I just wouldn't call any of that spiritual.

In reply to an earlier post on 2 Jul 2012 15:37:23 BDT
Jim Guest says:
One of them, you would.

In reply to an earlier post on 2 Jul 2012 15:39:47 BDT
G. Heron says:
Spin

"G; I think your examples concern the phenomena of "being touched" rather than that of "spirituality" ie: an aesthetic appreciation rather than a religious one"

You could well be right, I certainly don't claim to have had an experience of god.

"A spiritual experience is devoid of materialistic input. "

Is it possible that a spiritual experience is devoid of external materialistic input but does involve internal materialistic input, that is, could it be a product of the brain? I am sure I have heard about experiments which tried to induce spiritual experience in people using electrical impulses and magnetic fields, I can't remember if they had any success but I shall try and find out.

In reply to an earlier post on 2 Jul 2012 15:49:17 BDT
Last edited by the author on 2 Jul 2012 15:49:54 BDT
G. Heron says:
Jim Guest

"Even before the size of the universe was known, men looked up and saw something very big, that they could not explain, that they did not make, could not make. This phenomenon was added to other natural, but earthbound phenomena. Together, they helped to form the impression that a creator had created not only the cosmos, but also themselves in it. A spiritual experience, that, before Jesus, went pretty well undoubted."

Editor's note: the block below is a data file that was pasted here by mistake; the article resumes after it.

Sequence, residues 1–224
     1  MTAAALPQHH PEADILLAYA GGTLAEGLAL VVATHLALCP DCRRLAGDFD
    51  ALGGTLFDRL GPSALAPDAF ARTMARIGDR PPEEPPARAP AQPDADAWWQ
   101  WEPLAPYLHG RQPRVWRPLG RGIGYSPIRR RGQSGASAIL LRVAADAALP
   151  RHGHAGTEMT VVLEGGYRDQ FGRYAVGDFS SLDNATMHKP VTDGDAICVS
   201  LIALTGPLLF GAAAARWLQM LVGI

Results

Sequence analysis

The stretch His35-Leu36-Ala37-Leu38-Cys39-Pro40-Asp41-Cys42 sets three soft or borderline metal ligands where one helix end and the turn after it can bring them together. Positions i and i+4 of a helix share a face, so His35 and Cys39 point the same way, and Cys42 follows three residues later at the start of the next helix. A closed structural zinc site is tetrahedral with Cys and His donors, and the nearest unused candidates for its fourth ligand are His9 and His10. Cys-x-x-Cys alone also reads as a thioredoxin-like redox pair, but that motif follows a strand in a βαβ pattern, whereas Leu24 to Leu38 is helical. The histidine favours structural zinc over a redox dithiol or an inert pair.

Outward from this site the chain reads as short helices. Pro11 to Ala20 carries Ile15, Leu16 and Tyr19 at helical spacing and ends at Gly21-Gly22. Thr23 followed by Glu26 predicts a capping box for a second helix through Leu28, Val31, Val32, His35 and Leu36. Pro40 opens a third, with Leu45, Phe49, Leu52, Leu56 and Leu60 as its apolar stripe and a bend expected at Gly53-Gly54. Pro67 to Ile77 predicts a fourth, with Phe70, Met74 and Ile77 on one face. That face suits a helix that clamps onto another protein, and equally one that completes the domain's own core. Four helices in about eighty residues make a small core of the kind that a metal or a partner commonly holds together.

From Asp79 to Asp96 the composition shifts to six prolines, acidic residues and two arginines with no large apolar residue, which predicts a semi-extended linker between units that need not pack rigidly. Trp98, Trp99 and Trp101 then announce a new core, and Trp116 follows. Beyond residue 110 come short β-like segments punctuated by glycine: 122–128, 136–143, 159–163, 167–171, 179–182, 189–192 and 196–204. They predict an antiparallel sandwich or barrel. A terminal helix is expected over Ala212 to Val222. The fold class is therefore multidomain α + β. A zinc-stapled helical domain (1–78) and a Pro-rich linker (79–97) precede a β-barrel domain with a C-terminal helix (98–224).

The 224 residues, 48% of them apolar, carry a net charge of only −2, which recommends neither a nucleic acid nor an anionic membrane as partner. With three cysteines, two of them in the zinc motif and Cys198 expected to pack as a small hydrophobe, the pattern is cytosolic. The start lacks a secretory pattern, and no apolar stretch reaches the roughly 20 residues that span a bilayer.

The best view i have ever had of the night sky was when I was on the Isle of Lewis. Looking at the amazing array of stars I felt it was amazing that I was part of this vast universe and that through me the universe was in part aware of its own existence. I had no impression of a creator.

" In this case, though, such a thought is discarded, and reference made instead to a scientist, Galileo, which reference is presumably intended to give escapist readers here a warm feeling that science conquers all."

The reference to Galileo was as I have said because he was the first human to see the moons of Jupiter and it was one of the great discoveries since it helped break down the geocentric view of the universe. Knowing that I was now seeing what he had seen was amazing, it was like the centuries between us disappeared.
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Discussion in:  religion discussion forum
Participants:  16
Total posts:  94
Initial post:  2 Jul 2012
Latest post:  4 Jul 2012